The Construction of New Meanings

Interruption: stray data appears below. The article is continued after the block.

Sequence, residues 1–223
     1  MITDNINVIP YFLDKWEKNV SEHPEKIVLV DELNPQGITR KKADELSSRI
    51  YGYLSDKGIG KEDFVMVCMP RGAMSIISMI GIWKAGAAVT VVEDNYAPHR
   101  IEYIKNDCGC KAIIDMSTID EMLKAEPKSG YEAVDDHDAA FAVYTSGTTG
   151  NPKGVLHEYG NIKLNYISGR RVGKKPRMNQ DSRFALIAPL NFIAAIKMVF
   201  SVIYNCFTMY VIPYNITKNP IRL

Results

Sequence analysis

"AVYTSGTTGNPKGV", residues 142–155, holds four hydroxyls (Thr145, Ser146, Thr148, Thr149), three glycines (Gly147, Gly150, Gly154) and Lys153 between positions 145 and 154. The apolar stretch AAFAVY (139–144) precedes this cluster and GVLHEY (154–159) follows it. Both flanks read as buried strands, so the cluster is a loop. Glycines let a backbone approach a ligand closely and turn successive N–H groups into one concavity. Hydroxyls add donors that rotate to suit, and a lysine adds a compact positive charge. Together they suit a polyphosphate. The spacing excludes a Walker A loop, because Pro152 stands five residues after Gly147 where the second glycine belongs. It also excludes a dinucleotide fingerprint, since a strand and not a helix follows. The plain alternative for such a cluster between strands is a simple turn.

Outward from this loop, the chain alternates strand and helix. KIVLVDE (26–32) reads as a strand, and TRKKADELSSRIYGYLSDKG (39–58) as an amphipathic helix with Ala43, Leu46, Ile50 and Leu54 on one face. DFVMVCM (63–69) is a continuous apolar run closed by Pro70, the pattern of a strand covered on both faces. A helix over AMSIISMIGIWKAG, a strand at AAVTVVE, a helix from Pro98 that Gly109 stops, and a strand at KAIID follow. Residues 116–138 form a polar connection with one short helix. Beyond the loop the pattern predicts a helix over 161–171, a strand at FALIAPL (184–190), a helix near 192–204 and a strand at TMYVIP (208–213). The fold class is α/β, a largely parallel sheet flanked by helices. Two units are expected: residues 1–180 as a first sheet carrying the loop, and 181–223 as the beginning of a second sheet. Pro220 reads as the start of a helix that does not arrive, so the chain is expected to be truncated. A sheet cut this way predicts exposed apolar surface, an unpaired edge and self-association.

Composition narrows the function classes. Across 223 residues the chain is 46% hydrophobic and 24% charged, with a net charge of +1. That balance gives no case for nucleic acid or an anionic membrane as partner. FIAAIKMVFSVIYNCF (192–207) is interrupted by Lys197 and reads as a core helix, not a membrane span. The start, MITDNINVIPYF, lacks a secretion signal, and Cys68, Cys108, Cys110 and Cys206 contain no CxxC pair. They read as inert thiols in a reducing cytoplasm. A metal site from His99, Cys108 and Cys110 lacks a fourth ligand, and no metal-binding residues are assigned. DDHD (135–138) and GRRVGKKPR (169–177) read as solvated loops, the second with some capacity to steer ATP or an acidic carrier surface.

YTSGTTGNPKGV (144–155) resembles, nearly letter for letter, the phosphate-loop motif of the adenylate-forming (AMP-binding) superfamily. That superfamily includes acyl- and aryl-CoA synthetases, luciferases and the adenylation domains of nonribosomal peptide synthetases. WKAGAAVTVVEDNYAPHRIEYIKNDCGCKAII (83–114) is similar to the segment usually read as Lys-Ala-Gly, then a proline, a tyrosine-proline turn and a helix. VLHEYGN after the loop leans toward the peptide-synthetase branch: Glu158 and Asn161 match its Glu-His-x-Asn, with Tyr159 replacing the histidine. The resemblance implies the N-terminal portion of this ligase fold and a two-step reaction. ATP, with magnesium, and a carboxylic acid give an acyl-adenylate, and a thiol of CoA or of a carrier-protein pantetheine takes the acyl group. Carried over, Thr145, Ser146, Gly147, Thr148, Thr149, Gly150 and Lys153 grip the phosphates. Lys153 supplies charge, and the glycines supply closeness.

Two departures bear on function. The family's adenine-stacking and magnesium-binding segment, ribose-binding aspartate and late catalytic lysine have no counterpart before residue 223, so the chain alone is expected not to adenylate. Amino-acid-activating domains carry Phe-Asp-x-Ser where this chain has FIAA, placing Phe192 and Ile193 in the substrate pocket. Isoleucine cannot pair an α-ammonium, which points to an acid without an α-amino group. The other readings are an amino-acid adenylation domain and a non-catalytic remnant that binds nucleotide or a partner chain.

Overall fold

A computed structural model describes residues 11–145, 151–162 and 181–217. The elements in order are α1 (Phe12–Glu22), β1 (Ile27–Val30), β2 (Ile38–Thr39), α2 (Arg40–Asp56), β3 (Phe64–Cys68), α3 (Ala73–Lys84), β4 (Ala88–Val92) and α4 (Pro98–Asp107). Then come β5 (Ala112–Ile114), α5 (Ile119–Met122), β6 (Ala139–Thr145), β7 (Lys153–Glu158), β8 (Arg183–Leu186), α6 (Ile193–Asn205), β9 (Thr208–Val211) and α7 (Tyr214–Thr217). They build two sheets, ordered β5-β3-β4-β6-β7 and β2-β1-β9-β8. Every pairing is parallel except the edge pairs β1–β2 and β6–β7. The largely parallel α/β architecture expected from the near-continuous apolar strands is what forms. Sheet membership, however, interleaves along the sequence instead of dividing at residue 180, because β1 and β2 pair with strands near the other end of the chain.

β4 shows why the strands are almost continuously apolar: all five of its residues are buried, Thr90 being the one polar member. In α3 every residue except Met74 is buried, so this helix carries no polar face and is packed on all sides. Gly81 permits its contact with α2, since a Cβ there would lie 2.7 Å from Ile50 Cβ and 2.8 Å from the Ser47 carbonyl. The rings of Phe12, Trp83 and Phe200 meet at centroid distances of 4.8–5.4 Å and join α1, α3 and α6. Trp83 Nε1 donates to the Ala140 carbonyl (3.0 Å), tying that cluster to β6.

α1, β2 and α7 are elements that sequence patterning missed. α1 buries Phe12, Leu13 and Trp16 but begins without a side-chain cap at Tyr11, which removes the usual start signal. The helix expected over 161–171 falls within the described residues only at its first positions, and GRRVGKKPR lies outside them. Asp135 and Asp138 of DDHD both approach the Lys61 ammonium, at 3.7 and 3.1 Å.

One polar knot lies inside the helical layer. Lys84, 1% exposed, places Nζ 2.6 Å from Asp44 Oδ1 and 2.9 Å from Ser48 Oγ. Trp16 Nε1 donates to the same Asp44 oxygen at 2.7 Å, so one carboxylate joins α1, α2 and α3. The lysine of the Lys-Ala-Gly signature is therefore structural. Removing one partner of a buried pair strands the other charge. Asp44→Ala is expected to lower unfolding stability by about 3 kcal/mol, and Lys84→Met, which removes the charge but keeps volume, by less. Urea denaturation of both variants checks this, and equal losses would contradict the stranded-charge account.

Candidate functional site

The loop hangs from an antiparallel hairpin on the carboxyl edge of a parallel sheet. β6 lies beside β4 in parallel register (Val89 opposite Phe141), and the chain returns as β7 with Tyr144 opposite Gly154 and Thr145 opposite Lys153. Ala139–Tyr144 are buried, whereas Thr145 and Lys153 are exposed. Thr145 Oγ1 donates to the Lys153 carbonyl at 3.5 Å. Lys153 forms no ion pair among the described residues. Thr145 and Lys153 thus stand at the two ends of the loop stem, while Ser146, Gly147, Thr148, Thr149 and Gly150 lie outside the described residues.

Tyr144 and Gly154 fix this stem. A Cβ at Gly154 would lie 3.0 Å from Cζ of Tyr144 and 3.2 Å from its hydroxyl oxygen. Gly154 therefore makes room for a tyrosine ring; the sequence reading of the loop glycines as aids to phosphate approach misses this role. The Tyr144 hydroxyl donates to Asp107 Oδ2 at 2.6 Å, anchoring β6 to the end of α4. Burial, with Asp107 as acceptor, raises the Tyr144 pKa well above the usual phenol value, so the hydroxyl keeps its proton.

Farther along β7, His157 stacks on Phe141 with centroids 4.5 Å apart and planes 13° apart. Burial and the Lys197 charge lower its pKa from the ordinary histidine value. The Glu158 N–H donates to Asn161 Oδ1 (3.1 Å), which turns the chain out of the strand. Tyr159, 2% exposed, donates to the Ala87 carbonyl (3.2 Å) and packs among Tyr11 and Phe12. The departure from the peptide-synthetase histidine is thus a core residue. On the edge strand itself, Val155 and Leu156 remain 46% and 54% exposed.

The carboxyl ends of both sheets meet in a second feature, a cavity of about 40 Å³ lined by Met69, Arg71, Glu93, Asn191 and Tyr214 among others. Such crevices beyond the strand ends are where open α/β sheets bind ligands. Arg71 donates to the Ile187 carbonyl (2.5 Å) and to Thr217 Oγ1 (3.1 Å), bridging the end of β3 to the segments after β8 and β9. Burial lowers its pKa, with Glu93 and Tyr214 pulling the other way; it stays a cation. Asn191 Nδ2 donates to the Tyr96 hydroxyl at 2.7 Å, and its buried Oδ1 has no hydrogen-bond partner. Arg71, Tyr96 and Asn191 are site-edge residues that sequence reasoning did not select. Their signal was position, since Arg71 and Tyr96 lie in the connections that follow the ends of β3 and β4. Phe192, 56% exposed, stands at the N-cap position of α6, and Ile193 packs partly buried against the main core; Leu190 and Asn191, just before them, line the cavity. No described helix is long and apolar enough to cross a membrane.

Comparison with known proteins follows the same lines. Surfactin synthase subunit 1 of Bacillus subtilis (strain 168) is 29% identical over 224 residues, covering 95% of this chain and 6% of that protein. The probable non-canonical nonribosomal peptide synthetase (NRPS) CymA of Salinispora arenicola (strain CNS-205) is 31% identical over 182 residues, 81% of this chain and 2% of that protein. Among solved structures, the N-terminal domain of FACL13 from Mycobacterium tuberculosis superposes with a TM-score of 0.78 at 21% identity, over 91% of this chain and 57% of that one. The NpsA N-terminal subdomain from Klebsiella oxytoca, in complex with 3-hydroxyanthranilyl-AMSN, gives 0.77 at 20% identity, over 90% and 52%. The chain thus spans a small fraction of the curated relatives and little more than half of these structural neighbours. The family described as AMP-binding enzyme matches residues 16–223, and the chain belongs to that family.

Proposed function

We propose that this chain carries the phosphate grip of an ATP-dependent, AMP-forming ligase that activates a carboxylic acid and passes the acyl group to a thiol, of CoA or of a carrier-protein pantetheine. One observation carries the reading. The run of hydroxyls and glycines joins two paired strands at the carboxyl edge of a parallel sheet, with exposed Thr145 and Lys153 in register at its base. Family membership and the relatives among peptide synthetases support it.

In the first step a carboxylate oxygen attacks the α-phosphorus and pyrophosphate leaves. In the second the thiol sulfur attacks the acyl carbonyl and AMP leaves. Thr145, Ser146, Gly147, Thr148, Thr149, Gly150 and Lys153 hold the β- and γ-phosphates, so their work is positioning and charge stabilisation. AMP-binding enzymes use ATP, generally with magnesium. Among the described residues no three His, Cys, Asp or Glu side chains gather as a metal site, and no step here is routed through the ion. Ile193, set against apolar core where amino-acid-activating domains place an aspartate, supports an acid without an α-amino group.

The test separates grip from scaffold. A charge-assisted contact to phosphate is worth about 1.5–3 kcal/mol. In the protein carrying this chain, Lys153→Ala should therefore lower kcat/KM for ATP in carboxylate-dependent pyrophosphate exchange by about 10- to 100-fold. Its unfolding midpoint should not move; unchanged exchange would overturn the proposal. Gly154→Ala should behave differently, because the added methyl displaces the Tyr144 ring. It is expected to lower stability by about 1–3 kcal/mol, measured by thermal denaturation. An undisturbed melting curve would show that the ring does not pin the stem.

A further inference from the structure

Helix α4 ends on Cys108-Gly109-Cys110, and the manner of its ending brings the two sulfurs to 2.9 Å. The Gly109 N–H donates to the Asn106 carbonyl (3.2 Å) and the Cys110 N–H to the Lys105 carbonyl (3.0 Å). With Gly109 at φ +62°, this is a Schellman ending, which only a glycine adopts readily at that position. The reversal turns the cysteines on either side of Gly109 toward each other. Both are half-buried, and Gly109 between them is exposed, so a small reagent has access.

From infancy onward, healthy human experience is a constant search for meaning. The one-or two-year-old child begins to recognize that older people use sounds to represent things or events and soon the powerful hereditary potential begins to be expressed as “mama,” “dada,” “doggie,” and so on. Human beings have the innate capacity to do something no other animal species is capable of doing, albeit there is some debate on this (Gazzaniga, 2008). They can recognize and use language labels (or sign language) to represent regularities in events or objects. It is this incredible ability that distinguishes Homo sapiens from all other species of animals. The marvels of change in living things over the eons of time have somehow led in the last 50 millennia to an animal species that has this unique language capability. Humanness implies this capacity, and it also implies a capacity to discern these regularities with feelings. Humans think, feel, and act. Every experience they have involves thinking, feeling, and acting. This is as self-evident as the sun rising in the east and setting in the west. What is not obvious is why and how humans construct their meanings for events or objects.